Wednesday, July 9, 2008
As I've moved from one part of the the city to another throughout the years, I've learned that with each borough and neighborhood you cross, you experience the city in a different way. In the the Village, everyday was a party, the streets lined with tourists, natives and noisy party goers alike, at all hours at all hours of the day or night. Chinatown was a carnival of color and a festival for the senses; the smell of fried dumplings at lunchtime, the incessant ramble of haggling tourists in the afternoon, and sidewalks lined with neon green radiator fluid in the mornings, were all daily reminders that I was close to home.
These days I've been learning to appreciate Hell's Kitchen. Having originally moved here just after a major snowstorm in the dead of winter, I must say that it took some time for me to begin experiencing the nuances of my new neighborhood. As springtime rolled by I learned that once I passed that creepy block behind the Port Authority and elbowed my way past several awestruck midwesterners, Hell's Kitchen had it's own distinct feel. The diversity of the neighborhood is still staggering to me. Just during my 15 minute walk to and from work I hear at least 6 languages and spot a new type of restaurant every day. During my summer walks home I get to breath in the warm summer air, thick with the scent of melting asphalt. As I walk further west towards home and closer to the water I can feel a warm breeze cut through the sticky July air. Nearing 10th Avenue, I can see the sun shining off the Hudson and I'm thankful to be just a few seconds from waking into a blissfully air-conditioned apartment.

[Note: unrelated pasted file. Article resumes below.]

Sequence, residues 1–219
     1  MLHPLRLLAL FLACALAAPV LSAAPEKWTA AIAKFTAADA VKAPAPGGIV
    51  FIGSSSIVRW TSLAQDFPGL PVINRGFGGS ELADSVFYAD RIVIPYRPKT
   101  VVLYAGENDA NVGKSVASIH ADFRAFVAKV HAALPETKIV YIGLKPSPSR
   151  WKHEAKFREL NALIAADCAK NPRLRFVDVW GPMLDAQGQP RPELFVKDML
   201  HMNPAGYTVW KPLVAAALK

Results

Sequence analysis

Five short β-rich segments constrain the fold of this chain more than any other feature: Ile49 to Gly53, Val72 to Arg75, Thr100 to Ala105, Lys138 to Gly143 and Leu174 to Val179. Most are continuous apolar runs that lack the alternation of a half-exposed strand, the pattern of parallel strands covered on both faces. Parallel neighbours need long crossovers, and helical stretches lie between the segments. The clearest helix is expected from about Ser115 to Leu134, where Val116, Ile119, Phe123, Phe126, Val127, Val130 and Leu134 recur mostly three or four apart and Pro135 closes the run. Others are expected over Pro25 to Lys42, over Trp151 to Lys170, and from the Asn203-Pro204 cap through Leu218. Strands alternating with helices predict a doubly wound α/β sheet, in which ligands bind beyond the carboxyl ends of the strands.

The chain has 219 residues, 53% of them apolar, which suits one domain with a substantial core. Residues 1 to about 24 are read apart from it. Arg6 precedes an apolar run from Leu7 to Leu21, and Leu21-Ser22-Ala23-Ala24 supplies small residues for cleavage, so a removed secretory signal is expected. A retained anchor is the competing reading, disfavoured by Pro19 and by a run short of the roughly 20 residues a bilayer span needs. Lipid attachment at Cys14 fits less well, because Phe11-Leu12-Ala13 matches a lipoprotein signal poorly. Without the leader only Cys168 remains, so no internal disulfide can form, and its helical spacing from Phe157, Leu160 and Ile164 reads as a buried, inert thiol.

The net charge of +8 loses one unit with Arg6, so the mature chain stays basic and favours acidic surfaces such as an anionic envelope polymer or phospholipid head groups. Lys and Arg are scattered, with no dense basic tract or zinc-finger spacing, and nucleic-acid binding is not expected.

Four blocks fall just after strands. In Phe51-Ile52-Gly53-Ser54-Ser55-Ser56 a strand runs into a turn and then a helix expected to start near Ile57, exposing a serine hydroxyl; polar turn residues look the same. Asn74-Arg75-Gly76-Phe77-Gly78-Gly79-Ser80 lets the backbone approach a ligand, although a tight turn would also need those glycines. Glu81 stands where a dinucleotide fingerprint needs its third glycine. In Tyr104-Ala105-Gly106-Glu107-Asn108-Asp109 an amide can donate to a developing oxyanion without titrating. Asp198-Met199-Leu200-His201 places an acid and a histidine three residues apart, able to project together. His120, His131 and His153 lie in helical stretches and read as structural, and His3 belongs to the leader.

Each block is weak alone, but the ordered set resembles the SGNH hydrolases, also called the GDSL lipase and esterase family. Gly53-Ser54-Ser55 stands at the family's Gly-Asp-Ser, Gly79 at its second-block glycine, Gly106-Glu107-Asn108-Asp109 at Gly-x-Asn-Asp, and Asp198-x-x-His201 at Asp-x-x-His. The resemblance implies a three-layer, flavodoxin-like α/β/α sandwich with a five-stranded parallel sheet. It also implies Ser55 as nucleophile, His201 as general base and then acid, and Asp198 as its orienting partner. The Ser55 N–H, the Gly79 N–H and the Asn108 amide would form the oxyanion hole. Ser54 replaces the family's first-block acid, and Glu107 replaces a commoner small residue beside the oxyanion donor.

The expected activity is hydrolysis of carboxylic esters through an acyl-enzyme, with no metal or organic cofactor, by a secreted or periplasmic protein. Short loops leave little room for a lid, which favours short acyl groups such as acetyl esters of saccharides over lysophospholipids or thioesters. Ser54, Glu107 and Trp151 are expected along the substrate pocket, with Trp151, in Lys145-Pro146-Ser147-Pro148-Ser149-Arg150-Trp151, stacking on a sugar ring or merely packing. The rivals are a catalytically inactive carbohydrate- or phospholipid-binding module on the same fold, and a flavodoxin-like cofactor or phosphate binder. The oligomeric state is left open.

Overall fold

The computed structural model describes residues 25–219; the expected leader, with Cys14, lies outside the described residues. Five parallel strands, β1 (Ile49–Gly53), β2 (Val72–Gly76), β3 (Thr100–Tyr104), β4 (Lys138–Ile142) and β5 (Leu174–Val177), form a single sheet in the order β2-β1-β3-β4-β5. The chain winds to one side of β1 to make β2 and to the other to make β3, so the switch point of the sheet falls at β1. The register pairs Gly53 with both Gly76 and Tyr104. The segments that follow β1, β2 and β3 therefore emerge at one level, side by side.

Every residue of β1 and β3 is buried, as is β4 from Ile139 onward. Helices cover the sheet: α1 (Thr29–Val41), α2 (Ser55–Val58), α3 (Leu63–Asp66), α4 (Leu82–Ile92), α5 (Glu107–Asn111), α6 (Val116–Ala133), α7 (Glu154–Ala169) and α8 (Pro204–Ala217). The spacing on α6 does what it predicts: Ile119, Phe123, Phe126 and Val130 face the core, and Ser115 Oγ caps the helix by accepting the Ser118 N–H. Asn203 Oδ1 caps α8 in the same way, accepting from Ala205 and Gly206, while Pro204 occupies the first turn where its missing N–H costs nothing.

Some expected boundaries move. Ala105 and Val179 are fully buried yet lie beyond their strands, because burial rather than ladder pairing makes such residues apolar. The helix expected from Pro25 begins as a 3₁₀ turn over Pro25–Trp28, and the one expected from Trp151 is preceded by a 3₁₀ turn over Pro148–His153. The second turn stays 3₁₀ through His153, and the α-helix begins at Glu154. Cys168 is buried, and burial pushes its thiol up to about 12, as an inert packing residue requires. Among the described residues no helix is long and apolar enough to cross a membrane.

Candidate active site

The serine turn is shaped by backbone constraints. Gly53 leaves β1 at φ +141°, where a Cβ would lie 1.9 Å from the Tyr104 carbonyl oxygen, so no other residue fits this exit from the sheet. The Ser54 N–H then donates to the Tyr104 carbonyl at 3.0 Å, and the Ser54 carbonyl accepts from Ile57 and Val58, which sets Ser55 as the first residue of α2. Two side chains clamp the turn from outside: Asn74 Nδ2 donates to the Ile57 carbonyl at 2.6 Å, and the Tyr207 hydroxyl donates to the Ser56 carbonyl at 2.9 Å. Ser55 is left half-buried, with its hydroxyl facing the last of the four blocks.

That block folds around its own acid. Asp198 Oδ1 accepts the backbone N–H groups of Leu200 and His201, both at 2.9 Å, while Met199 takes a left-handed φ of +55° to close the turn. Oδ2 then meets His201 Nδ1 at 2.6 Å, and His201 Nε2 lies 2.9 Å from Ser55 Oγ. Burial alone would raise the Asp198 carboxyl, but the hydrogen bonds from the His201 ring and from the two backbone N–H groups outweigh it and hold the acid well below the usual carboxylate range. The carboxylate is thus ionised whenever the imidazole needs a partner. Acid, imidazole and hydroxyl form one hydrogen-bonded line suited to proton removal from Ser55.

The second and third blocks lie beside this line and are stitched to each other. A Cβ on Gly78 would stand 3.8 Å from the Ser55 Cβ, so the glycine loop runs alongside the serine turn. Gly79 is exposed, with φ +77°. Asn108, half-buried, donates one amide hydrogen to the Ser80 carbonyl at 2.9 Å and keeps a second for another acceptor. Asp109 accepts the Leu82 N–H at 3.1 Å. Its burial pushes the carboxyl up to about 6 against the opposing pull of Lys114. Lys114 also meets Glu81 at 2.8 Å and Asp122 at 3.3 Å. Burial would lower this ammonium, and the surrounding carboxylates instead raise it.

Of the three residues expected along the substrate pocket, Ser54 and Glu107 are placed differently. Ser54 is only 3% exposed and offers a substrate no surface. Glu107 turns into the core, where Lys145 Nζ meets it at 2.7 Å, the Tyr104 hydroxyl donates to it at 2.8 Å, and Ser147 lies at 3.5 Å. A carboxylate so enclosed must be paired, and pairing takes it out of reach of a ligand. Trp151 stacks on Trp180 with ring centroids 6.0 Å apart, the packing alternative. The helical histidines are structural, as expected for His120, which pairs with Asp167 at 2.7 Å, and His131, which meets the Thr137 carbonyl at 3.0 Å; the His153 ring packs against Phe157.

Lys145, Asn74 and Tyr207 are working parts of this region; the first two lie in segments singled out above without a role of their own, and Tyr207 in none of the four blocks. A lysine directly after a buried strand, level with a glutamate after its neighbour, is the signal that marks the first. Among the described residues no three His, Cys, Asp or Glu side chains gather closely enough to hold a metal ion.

It's on days like this that it's hard to muster the strength to stand over a hot stove or stick my face in front of a burning oven. So, I make sure and have a few no-cooking-necessary dinners ready to help me out. Cooking seasonally is a great way to avoid a lot of stove time, since the fresher the ingredients, the less you have to do to make them taste great. This week I made a wonderfully delicious and ridiculously easy salad of melon, mozzarella and prosciutto. You don't even have to bother scooping the ingredients into balls if you don't want to, they can be squares, or you can even buy the pre-done bocatini (but the salad is a lot cheaper if you do it for yourself). It's a classic Mediterranean pairing of ham and melon with the added bonus of salty cheese, fruity olive oil and bright lime zest. There isn't really a recipe today, just the general method of how to construct the salad.
Melon, Mozzarella and Prosciutto Salad
Toss equal quantities of melon, mozzarella and prosciutto (the idea is to have one of each in every bite) with olive oil, lemon juice, salt and black pepper. Top with lime zest. Enjoy!